Light Version: Substitute 1/2 cup yogurt cheese for the butter and creme fraiche. Replace the 2 oz. of high-fat cheese with 1-1/2 oz. of freshly grated parmesan.

Wild Rice and Hazelnut Salad

Serves 6


5 oz. wild rice, cooked and drained (about 3/4 cup raw)

3 oz. hazelnuts, toasted and coarsely chopped (about 1/2 cup raw nuts)

5 oz. dried cherries

1 small fennel bulb, cut into small squares

1 crisp apple, cut into small squares

1 tsp. fine sea salt

1 tsp. finely ground black pepper

Hazelnut vinaigrette:

4 Tbs. fresh orange juice

4 Tbs. fresh lemon juice

1 tsp. balsamic vinegar

6 Tbs. hazelnut oil

1/2 tsp. fine sea salt

1 tsp. sugar

3 green onions, finely chopped

1/4 tsp. fennel seeds, toasted and crushed

1 Tbs. chopped orange zest

1 Tbs. chopped chives

1 Tbs. chopped basil

1 Tbs. chopped Italian parsley

In a large bowl, combine the wild rice, dried cherries, fennel, hazelnuts and apple. Combine vinaigrette ingredients in a bowl. Whisk well.

Toss salad with about half the vinaigrette, adding more as needed. Add the salt and pepper before serving. If made in advance, you will need to add more vinaigrette before serving. Serve at room temperature.


Serves 8

1/4 cup olive oil

1 onion, coarsely chopped

6 cloves garlic, chopped

1 eggplant, cut into 1-inch cubes, salted and drained

1 red bell pepper, cored, seeded and cut into 1-inch squares

1 green bell pepper, cored, seeded and cut into 1-inch squares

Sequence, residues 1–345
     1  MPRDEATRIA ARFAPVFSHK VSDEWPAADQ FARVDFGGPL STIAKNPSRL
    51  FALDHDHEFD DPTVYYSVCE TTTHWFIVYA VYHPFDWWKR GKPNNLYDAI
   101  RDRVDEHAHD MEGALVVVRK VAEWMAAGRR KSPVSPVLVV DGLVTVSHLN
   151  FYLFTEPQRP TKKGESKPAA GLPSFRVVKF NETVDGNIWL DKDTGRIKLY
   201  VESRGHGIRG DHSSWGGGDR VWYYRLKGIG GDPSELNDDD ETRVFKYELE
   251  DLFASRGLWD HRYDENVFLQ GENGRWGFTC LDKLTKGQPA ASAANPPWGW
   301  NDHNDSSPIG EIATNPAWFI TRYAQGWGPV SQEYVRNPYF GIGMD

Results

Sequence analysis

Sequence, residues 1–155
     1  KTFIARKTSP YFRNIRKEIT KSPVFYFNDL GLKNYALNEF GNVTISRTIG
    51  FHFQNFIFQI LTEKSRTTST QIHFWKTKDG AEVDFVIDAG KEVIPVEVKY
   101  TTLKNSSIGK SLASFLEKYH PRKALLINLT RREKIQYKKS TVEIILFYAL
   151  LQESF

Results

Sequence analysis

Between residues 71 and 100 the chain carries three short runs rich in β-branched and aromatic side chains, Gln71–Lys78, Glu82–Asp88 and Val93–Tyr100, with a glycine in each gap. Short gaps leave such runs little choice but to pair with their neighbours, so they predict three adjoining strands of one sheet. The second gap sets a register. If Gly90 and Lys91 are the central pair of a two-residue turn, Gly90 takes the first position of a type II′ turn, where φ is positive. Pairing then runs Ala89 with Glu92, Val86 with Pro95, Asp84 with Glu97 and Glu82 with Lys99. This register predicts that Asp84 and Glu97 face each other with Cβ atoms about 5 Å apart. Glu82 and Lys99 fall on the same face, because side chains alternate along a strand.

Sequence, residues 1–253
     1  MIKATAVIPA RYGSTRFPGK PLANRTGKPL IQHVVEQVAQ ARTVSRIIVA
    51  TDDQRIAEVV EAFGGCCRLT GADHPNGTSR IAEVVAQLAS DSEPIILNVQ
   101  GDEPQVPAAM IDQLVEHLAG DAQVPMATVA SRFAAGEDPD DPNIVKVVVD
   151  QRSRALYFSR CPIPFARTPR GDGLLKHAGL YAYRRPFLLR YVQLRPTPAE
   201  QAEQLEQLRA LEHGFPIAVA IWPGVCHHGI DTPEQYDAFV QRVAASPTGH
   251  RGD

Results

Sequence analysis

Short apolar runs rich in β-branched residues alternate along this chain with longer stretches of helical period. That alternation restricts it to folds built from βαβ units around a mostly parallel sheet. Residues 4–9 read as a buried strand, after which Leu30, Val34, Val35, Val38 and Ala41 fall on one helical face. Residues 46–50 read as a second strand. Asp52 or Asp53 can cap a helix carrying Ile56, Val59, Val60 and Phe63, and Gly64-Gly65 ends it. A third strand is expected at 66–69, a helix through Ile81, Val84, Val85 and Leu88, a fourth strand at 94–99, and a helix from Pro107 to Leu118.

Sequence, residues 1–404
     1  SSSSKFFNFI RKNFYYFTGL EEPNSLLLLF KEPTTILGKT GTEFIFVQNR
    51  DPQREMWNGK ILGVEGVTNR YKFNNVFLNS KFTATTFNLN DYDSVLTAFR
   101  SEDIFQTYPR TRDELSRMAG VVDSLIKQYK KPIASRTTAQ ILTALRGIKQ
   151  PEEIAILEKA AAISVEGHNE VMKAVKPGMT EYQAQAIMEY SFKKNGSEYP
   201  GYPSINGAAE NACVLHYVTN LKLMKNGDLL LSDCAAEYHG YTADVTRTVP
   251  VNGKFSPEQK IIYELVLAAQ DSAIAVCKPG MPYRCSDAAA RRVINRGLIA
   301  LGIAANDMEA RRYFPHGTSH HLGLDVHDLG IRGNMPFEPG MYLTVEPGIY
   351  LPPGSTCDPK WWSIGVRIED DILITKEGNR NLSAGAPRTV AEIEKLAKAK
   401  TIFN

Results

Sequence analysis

2 jalapeño peppers, roasted, peeled, seeded and chopped

2 yellow squash, cut into 1-inch cubes

2 Tbs. sugar

24 ripe cherry tomatoes, halved

1 tsp. coarse sea salt

1 tsp. freshly ground pepper

3 Tbs. chopped fresh cilantro

Heat the oil in a large skillet. Add the onion, garlic and drained eggplant and sauté for 5 minutes. Set aside.

Place the peppers, squash, sugar, tomatoes, salt and pepper in a 3- or 4-quart clay casserole. Spoon the sautéed onions, garlic and eggplant over the vegetables in the casserole, and bake in preheated 375-degree oven for 1 hour, or until all the vegetables are cooked. Remove the cover and allow the vegetables to cook for 30 minutes more. When cool, stir in the cilantro. Serve warm or cold.

Cook's Note: To salt eggplant, lay the eggplant on a flat surface and sprinkle generously with coarse sea salt. Allow to stand for 30 minutes, then rinse thoroughly with cold water and pat dry. Salting the eggplant removes its bitterness and sliminess, and it will not need as much fat when it's sautéed.

Cherry-Apricot Crumble

Serves 6-8

1 lb. cherries, pitted

1 lb. apricots, pitted and cut into 1-inch pieces

3 oz. sugar

2 Tbs. unbleached white flour

1 Tbs. vanilla extract

2 oz. unbleached white flour

3 oz. rolled oats

3 oz. brown sugar

1/4 tsp. fine sea salt

1/2 tsp. freshly ground nutmeg

6 Tbs. unsalted butter, melted

2 oz. chopped walnuts, toasted

Toss together the cherries, apricots, sugar, 2 Tbs. unbleached flour and the vanilla. Place the fruit in a clay baking dish.

In a small bowl, combine the 2 oz. of flour, oats, brown sugar, salt, nutmeg, butter and walnuts. Mix until crumbly and spread over the fruit.

Bake in a preheated 350-degree oven for 30 minutes, until the fruit is tender and the topping crisp. Serve warm with whipped cream, or at room temperature.

Janet Silver Ghent
Janet Silver Ghent

Janet Silver Ghent, a retired senior editor at J., is the author of the forthcoming book “Love Atop a Keyboard: A Memoir of Late-life Love” (Mascot Press). She lives in Palo Alto and can be reached at [email protected].